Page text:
In these most strange of times, I count myself very lucky to live where we do in Edinburgh – so many places are a stone’s throw away and there are endless day trip and staycation possibilities. Highland Perthshire is one of my favourite such places to visit; just an hour and a half along the motorway the gateway to the Highlands beckons. Al’s 30th birthday bash was meant to take place at Ballintaggart Farm just before lockdown, so as restrictions eased we decided to have a mini celebration, just the two of us, at Ballintaggart’s sister hotel the Grandtully where we stayed last year.
It was just the escape we both needed after such a busy few months for us both professionally, and we struck a good balance between savouring the slow, small moments, while managing to see and do a variety of fun things to make the most of our stunning location. I shared the stories of our travel on my Instagram and had so many request for more details and thankful messages from folks who had tried my recommendations that I thought I’d put together some slow travel Highland Perthshire staycation tips here too, so they’re all in one place.
Stay: I can’t recommend the Grandtully Hotel by Ballintaggart enough. Every detail is so thoughtful, the staff incredibly welcoming and it felt safe and secure in terms of this strange world we’re living in just now. We stayed in Room Eight, which has a gorgeous wee roof terrace and sumptuous purple roll top bath. The highlight of every stay is, of course, the food. The desserts were particularly delicious: raspberry and thyme financier, chocolate salted caramel tart and foraged meadowsweet doughnuts. Need I say more? As always the veggie options were considered and layered flavour and texture skilfully, and I was particularly impressed with the range of tasty and well-balanced mocktails that made the most of seasonal ingredients and Scottish teetotal tipple Feragaia.
And those famous Ballintaggart breakfasts truly deserve a post of their own. A particular joy was the daily changing porridge toppings – all seasonal of course – from gooseberry to raspberry and pistachio to strawberry and almond. Breakfast is a multi-course affair at Ballintaggart and the team whipped me up some delectable savoury veggie treats. One day it was scrambled eggs with sumac and roasted broccoli, the next was poached egg with rainbow chard and nasturtium pesto. Heaven.
Eat: I was particularly excited for our visit knowing that Flora Shedden’s new provisions shop and sister to the famous Aran Bakery, Lon, had opened just the week before. It was every bit as dreamy as I had imagined – filled with seasonal produce, including flowers, and contemporary cupboard staples in a crisp, white space like Aran. I must have spent a small fortune on things I didn’t realise I needed. Blush gooseberries? Flat peaches? Yes please!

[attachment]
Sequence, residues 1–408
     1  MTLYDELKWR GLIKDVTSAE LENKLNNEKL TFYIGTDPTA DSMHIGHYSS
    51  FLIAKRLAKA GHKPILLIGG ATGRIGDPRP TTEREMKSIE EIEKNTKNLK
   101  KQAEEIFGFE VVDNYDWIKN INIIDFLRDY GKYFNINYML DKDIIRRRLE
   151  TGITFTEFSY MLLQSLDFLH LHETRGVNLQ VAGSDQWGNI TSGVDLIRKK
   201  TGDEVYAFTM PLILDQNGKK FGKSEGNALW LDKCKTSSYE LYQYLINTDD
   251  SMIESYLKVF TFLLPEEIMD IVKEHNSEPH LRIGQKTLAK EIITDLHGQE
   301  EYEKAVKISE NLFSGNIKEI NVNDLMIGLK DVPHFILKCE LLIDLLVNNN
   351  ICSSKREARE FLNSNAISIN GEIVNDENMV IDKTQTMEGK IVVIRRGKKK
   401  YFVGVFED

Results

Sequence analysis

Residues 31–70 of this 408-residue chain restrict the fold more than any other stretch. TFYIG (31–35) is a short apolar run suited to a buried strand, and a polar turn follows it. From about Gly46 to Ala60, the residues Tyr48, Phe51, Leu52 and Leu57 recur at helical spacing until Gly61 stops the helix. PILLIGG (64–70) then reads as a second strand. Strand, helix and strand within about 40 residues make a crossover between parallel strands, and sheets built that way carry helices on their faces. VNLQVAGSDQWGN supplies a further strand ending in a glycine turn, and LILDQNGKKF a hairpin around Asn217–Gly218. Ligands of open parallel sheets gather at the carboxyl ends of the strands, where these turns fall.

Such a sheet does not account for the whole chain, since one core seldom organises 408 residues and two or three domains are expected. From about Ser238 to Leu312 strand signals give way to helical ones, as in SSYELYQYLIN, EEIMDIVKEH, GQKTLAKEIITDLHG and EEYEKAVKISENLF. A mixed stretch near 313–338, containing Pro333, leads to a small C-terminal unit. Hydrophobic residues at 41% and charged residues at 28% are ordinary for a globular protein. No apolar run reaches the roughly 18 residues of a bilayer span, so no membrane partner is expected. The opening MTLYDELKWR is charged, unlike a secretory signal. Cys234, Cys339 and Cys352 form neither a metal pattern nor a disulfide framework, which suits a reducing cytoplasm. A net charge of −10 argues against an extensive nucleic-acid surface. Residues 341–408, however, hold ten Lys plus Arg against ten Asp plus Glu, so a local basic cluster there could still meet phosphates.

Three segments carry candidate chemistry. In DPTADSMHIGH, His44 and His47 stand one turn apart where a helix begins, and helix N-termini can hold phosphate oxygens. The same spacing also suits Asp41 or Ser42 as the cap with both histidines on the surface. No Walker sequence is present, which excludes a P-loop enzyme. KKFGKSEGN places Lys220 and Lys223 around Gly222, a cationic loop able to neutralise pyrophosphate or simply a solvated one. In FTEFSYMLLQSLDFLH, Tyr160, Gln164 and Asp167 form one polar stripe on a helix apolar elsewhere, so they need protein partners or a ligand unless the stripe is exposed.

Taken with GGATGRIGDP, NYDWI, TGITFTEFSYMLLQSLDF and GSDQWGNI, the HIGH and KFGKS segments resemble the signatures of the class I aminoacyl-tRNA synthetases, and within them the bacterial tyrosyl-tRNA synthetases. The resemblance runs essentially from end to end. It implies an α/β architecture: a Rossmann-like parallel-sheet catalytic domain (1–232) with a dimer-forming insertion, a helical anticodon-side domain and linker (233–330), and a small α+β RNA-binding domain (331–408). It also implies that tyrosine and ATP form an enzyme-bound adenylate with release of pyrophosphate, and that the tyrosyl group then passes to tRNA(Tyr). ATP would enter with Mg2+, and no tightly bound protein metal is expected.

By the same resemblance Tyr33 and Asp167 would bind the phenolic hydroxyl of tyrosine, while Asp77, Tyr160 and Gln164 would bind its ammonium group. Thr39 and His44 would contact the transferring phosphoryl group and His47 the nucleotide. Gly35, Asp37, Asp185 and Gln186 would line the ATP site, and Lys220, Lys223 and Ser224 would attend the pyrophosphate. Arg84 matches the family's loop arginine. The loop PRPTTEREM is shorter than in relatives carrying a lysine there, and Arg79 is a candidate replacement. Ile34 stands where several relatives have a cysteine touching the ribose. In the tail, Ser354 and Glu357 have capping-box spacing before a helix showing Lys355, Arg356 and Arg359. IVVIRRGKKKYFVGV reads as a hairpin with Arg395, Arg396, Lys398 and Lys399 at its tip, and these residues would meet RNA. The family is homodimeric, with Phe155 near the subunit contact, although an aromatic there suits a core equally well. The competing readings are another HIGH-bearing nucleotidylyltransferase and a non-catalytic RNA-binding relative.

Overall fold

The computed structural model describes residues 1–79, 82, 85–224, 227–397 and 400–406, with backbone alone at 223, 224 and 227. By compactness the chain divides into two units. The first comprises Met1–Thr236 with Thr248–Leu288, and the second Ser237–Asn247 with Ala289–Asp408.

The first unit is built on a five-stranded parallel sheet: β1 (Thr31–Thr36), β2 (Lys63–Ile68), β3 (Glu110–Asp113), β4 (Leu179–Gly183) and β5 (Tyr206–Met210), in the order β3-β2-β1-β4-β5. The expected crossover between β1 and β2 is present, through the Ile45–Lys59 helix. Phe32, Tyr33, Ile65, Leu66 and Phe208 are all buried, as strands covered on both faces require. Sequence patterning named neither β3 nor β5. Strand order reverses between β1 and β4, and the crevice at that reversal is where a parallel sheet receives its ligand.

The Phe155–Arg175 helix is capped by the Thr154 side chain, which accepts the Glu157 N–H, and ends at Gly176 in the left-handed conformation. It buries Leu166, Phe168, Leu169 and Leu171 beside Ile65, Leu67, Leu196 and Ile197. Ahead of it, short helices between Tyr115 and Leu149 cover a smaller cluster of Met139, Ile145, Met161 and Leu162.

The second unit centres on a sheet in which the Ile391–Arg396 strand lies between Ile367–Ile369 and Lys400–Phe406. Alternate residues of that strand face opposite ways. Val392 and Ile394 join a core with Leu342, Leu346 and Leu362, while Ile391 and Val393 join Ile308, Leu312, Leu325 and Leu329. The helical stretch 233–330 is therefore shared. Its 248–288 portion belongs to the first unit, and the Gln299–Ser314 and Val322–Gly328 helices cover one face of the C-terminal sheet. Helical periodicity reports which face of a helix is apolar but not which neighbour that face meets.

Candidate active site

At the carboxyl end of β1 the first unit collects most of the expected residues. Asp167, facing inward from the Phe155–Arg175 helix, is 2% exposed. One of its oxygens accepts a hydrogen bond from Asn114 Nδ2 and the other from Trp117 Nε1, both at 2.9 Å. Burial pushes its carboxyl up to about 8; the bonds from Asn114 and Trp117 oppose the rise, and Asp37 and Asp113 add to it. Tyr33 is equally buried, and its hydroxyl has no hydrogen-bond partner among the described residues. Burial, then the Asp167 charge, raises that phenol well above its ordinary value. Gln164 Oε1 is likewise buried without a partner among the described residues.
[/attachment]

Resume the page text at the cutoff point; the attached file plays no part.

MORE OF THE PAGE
A trip to Aran Bakery is obligatory, of course, and we ate our pastries down by the River Tay, watching the world go by in the late Summer sunshine. Top tip: make sure you get to Aran early – particularly at weekends. Ideally before opening as there is almost always a queue and sell-outs are a daily occurrence. You have been well warned!
Walk: Just a hop and a skip from Dunkeld is the Hermitage, which I had visited before and was keen to return to. I’m even more excited to go back in Autumn – it’s the perfect forest escape. It can be busy (and you have to pay for parking if you’re not a National Trust member) but if you choose one of the longer paths you’ll soon find you have the woods to yourself.
We found the perfect spot by the river to eat our Aran Bakery picnic, foraging wild hazelnuts and spotting tadpoles in rock pools. It’s the most peaceful I’ve felt in a long time. Be sure to pack a blanket and remember to take your rubbish with you.
Shop: Aberfeldy is the home of quirky Perthshire independent shops. There’s a branch of my Edinburgh favourite, Homer; I absolutely loved how the colour palette reflected the Highland landscape. Make sure you visit The Watermill too, a shop turned café turned gallery. Their chai latte hit the spot and the selection of books was spot on. I found it hard to limit myself to just two! Nearby Mojo’s Curios had some fab vintage finds too.
View: They don’t call Highland Perthshire big tree country for nothing! If you love the landscape but aren’t so keen on hillwalking there are a few spots that offer high return for less effort. Loch Tay is a great spot as you can reward yourself after a nearby walk with a treat from Paper Boat in Kenmore. Close by, the walk up to the Falls of Acharn requires a wee bit more effort (not to mention navigating a small dark tunnel to get to the viewpoint!) but the view of the waterfall is spectacular and looking over Loch Tay as you walk back down the hill is more than worth it.
Have you been to Highland Perthshire before? Share your tips in the comments!